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State Revenue from Taxation

STATE REVENUE FROM TAXATION.

1. Chaotic condition of state tax systems.

2. The subjects of taxation.

3. Difficulties in taxing real estate.

4. Consequences of the unequal assessments.

5. Difficulties in taxing personal property.

6. Difficulties in imposing taxes on occupations.

7. Inequality in the South Carolina license system.

8. Inequality everywhere.

9. Liquor licenses.

10. The taxation of collateral inheritances.

11. The tax falls chiefly on personal property.

12. Which otherwise evades taxation.

13. Justice of the tax.

14. Shall the tax be graduated? 15. Taxation of corporations.

16. Taxation of railroads.

17. Taxation of their real estate outside of road-bed.

18. Taxation of the evidences of corporate property.

19. The taxation of other corporation banks.

20. Effect of lower taxes on capital than on other kinds of property.

21. Double taxation.

22. Taxation of mortgages.

23. Desirability of taxing tangible property.

24. The fundamental basis of taxation reconsidered—ability.

1. Every one knows of the chaos that exists in all the States concerning taxation.' Even those that boast of leading in the race for better government have not ad vanced much in improving their modes of exacting con tributions for the public support. One of the conditions of improvement is uniformity of action by all the States. They are so clearly related in many ways that no State can adopt and enforce a good system unless similar action is taken by others.'" 2. The oldest and most common subject of taxation is real estate. For many years it was the principal kind of property in this country. So long as it was, taxes could be assessed with some degree of equality and fair ness. As wealth increased it assumed new forms, which the State endeavored to tax. Money, merchandise and other kinds of wealth were included. Afterward, cor porations were organized and taxed. Not content with taxing property in their own jurisdiction, the States stretched their authority beyond, and endeavored to get more through the owner who was within their grasp. Licenses and fees from an early day were also imposed. And thus has developed the most extraordinary jumble, which has grown worse with the increase of wealth and of pressure on the taxing power to include everything within the net of the tax-gatherer. Wherein the State has chiefly failed to measure correctly the ability of the taxpayer to pay will now be briefly described. A brief summary of its failures will suffice, for they are familiar knowledge.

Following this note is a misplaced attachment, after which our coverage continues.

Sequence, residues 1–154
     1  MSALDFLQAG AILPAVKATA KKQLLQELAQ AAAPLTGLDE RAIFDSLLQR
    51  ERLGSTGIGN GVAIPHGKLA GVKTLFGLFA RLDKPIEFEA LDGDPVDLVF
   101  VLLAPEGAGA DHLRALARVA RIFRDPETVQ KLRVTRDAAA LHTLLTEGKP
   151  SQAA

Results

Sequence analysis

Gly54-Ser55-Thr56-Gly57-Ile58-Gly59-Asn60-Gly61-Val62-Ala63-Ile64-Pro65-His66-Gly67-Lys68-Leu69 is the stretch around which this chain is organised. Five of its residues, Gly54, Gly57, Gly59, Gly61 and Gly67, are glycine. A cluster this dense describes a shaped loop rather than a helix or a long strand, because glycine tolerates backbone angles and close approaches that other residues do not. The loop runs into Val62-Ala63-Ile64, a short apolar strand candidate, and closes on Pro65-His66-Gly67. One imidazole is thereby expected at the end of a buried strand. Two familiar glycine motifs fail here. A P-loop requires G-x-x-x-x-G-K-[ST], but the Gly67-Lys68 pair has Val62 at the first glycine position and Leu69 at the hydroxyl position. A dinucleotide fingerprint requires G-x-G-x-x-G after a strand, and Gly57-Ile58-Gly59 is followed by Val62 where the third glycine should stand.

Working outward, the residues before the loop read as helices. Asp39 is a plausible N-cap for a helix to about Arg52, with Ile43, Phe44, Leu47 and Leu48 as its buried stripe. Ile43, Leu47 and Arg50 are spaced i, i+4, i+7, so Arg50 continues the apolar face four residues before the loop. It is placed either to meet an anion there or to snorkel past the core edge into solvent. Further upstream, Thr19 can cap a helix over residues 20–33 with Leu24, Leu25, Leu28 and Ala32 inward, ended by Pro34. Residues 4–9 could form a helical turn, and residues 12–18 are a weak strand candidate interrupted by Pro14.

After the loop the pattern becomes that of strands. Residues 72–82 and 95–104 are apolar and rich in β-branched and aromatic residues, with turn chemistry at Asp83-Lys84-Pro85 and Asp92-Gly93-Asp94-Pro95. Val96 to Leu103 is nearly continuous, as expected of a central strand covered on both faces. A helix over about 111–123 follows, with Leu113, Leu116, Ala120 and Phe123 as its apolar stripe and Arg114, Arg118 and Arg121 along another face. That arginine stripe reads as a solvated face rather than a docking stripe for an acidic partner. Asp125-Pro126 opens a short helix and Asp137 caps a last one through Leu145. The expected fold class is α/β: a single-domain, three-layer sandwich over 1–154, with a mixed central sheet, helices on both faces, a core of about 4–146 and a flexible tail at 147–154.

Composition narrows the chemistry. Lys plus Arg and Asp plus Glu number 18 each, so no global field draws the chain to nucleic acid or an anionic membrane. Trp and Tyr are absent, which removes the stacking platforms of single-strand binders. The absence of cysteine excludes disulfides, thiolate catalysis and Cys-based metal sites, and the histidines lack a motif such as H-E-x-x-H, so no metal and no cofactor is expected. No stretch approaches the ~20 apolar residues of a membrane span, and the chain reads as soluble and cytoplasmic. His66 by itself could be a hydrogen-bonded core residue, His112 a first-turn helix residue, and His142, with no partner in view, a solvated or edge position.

3. First, there is no uniformity in assessing the value of real estate. In one town or city it may be assessed at so per cent. of its value ; in another, 6o per cent. ; in an other, at its full value. Still worse, in the same town or city lack of uniformity is still more glaring. Those who own most, and keenly watch their tax bills, may find ways for keeping their assessments at low figures ; those pos sessing no influence, or who are opposed to the taxing authority, are assessed at much higher valuations. Poli tics, relationship, friendship, enmity, indifference, vigi lance are a few of the many potencies that determine the action of assessors.

4. We need not stop to describe the consequences of disregarding proper rules in determining valuations. The farmer who is more heavily taxed than his competitor, if both are on the same plane in other respects, has an obvious disadvantage, the more exasperating because it is wrought by State action.

5. Second, is the failure to reach all kinds of personal property marked by law for taxation. It is easy to hide much from the tax-gatherer, especially money and other kinds of wealth that occupy a small space. In truth, only a very small amount of personal property that is liable to taxation is assessed. As Professor Seligman remarks, this defect "is so patent that it has become a mere byword throughout the land. The taxation of personal property is in inverse ratio to its quantity, the more it increases the less it pays. The reason is plain. So far as it is in tangible, personal property escapes the scrutiny of the most vigilant assessor ; so far as it is tangible, it is pur posely exempted in its chief form, as stock in trade, in our commercial centres."' 6. Third, may be mentioned a series of difficulties in imposing taxes on occupations in the form of licenses or fees. Professor Seligman has clearly shown how they differ from other kinds of taxes. "A tax is levied as a part of a common burden ; a fee is assessed as a payment for a special privilege. The basis of taxation is the abil ity or the faculty of the taxpayer ; the basis of a fee is the special benefit accruing to the individual." Another distinction is, "a fee does not normally exceed the cost of the particular service to the individual ;" a third dis tinction is in the service performed by the government in return. For a tax no special service is rendered ; for a fee the government displays "some positive energy, as in furnishing a water supply," or permits the licensee to do something.

7. One of the radical objections to license taxes is the utter lack of any system in imposing them. In no case have all occupations been taxed, but only a few. Such a system is manifestly unequal and unjust. The new con stitution of South Carolina provides for a graduated li cense on occupations and business by the Legislature. Disregarding the constitutional instruction, the Assem bly has attempted to tax "artists, ambryotypists, photo graphists, etc.," at the rate of twenty-five cents for every thousand inhabitants of the place where they "do busi ness ;" and merchants who sell more than ten thousand dollars' worth of goods a year, twenty-five cents for every additional thousand sold. But lawyers and physicians must pay five dollars a year, regardless of their income, and every laundry woman fifty cents annually for contin uing her business, be it small or smaller. Rarely has a license system attempted so much ; and never, perhaps, has one disregarded so openly the plain requirements of the organic law.